Turnaround CEO Shores Up Strategy for Unigene Based on Big Pharma Partnerships
When Ashleigh Palmer joined Boonton, NJ-based biotech company Unigene Laboratories as CEO in mid-2010, he faced a turnaround challenge that others might have considered way too daunting. The 30-year-old company was struggling to make money from a disjointed set of assets, which included a promising but, in Palmer’s view, under-marketed technology that could be used to turn injectable peptides—or protein-based drugs—into easy-to-swallow pills. Unigene was in debt and in need of a rescue. Furthermore, says Palmer, it had been managed by the two scientist-founders, who were brothers. “There’s the first warning sign,” Palmer says. “Family and business often don’t go well together.”
Wall Street has yet to be convinced that Palmer has what it takes to turn around Unigene’s fortunes. Unigene (NASDAQ: UGNE), which went public in 1985, was delisted in 1999 and pretty much left for dead by investors. On November 9, Unigene announced a net loss of $7.2 million for the third quarter ended September 30, on $3.4 million in sales. The company’s revenues included royalties from a nasal spray it developed to treat the degenerative bone disease osteoporosis—a product that that Unigene licensed to Maple Grove, MN-based Upsher-Smith Laboratories but that hasn’t been selling well due to competition.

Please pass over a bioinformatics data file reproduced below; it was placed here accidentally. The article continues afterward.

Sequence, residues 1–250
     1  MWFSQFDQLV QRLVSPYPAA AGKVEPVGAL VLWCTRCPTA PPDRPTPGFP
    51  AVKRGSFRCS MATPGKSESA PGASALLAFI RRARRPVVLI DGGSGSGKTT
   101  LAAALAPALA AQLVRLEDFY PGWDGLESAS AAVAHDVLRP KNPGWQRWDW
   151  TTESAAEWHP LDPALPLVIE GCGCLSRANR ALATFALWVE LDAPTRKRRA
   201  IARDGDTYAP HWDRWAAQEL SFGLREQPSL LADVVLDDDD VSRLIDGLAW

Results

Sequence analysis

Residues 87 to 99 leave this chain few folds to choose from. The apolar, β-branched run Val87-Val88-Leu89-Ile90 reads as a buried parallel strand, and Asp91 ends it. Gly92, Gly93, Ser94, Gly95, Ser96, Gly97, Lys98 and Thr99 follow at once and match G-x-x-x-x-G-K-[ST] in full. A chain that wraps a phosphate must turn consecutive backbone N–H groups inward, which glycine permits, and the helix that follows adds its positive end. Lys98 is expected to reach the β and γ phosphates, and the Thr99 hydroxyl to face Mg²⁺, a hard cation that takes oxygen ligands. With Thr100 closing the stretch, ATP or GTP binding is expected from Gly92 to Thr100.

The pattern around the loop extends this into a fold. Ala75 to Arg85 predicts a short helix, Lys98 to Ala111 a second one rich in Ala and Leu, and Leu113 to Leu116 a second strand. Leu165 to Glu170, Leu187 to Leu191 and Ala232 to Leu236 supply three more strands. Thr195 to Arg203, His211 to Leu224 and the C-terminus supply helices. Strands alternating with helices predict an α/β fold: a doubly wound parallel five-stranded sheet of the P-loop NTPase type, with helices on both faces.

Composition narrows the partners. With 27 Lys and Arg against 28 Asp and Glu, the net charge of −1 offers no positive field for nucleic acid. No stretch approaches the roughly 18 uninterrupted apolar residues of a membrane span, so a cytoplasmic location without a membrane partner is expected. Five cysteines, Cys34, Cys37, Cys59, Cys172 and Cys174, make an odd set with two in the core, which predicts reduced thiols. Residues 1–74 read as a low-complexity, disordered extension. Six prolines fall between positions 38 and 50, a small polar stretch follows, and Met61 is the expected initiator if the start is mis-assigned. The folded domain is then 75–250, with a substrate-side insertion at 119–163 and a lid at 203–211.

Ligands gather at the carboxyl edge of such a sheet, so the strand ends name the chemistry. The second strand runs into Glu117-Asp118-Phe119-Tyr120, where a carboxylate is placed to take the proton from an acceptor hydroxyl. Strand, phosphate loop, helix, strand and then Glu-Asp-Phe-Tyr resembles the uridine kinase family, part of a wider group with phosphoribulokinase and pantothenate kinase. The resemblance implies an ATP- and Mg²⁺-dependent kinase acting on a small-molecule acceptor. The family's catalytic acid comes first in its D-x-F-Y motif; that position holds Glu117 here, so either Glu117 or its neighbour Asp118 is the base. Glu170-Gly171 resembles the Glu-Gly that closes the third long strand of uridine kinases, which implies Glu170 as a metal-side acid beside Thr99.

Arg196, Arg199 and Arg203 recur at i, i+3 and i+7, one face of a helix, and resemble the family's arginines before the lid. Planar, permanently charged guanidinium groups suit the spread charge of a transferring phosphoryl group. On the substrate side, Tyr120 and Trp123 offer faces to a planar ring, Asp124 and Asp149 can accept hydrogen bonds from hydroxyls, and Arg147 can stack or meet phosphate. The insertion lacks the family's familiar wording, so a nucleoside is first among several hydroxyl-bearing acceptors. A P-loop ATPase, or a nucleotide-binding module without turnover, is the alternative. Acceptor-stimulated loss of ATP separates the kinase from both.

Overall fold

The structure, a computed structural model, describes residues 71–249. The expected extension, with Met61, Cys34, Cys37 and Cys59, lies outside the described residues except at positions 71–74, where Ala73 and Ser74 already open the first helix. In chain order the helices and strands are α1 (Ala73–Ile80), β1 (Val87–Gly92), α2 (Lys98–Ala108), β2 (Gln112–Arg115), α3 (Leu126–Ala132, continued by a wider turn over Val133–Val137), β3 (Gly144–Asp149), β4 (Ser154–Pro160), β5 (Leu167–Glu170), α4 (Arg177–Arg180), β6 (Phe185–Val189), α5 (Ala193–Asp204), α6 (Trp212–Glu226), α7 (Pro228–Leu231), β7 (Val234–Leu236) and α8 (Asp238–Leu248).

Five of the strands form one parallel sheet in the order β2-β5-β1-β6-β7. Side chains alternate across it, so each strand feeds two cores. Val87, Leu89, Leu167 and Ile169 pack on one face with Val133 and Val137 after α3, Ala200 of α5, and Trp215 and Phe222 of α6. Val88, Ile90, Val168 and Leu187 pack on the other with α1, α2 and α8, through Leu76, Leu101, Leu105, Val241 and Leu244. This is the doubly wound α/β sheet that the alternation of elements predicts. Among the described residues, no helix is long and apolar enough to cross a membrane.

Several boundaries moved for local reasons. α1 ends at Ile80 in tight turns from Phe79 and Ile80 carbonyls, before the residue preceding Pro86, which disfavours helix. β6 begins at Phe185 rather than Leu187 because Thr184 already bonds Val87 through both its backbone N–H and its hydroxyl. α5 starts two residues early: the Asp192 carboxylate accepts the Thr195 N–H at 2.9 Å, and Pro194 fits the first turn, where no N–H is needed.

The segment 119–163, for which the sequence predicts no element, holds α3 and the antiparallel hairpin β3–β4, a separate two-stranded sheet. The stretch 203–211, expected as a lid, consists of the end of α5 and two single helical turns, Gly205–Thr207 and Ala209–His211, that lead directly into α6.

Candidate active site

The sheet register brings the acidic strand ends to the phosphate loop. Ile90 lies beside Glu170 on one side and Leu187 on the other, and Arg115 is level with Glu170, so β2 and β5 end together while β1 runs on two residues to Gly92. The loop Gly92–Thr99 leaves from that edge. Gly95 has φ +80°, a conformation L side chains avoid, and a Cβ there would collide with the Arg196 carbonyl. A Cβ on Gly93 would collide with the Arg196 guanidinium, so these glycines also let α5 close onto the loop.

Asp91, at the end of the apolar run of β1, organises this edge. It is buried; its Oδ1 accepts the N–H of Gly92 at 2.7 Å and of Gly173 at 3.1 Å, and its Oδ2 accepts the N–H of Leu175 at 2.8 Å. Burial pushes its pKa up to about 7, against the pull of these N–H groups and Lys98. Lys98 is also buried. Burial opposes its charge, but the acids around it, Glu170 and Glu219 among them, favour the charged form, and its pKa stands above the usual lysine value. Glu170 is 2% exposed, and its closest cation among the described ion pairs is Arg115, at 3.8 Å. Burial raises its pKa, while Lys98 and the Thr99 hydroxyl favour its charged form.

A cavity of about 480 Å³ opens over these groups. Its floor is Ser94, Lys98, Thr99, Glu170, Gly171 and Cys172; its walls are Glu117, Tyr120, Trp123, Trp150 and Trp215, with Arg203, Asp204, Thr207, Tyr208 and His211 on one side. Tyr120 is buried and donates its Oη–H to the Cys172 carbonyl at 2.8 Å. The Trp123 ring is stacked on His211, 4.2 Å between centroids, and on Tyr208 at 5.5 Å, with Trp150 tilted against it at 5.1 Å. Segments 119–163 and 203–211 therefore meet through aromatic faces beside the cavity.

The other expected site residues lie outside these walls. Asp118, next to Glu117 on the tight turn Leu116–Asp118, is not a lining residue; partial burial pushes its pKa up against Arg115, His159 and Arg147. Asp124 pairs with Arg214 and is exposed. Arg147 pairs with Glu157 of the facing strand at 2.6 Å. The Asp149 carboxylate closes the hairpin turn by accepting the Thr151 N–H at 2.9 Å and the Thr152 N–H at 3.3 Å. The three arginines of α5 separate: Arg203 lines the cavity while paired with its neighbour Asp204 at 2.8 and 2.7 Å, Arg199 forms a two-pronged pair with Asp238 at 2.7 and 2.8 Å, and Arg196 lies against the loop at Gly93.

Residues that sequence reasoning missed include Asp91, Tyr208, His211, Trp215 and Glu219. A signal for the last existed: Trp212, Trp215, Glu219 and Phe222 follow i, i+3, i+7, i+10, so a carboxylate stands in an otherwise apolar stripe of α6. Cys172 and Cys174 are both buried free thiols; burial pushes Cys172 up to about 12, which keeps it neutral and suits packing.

The stock, as usual, barely budged—edging down 2 percent to $1 after the earnings announcement.
Palmer has been doing his best to get investors to focus on the good news. In conjunction with its earnings announcement, Unigene announced positive Phase 2 trial results on an osteoporosis drug it is developing with European drug giant GlaxoSmithKline (NYSE: GSK). The drug is an oral form of parathyroid hormone (PTH), the protein that’s the basis of Eli Lilly’s blockbuster osteoporosis injection teriparatide (Forteo). In the trial, Unigene’s drug produced a statistically significant increase in bone mineral density in the lumbar spine—a measure used to predict fracture risk. It was the result the companies were hoping to see.
Wall Street’s reaction? Crickets.
Then, yesterday, the company announced that an osteoporosis drug it was manufacturing as part of a partnership with Novartis (NYSE: NVS), Danish drug developer Nordic Biosciences, and Cedar Knolls, NJ-based Emisphere performed poorly in a late-stage clinical trial. Unigene has already received $13.7 million out of $18.7 million in potential payments from Novartis under a 2004 licensing agreement, and Palmer said in a statement that the setback would make little difference to the company’s turnaround effort. Still, it was enough to knock Unigene’s stock down by a dime.
As far as Palmer is concerned, the company’s relationship with GSK is the key element of his turnaround plan. GSK first partnered with Unigene in 2002 with the intention of developing a synthetic, oral form of PTH. But the first generation product didn’t work, and GSK lost confidence in Unigene, Palmer says. So shortly after he joined the company, Palmer and his team went to GSK and presented new data on … Next Page »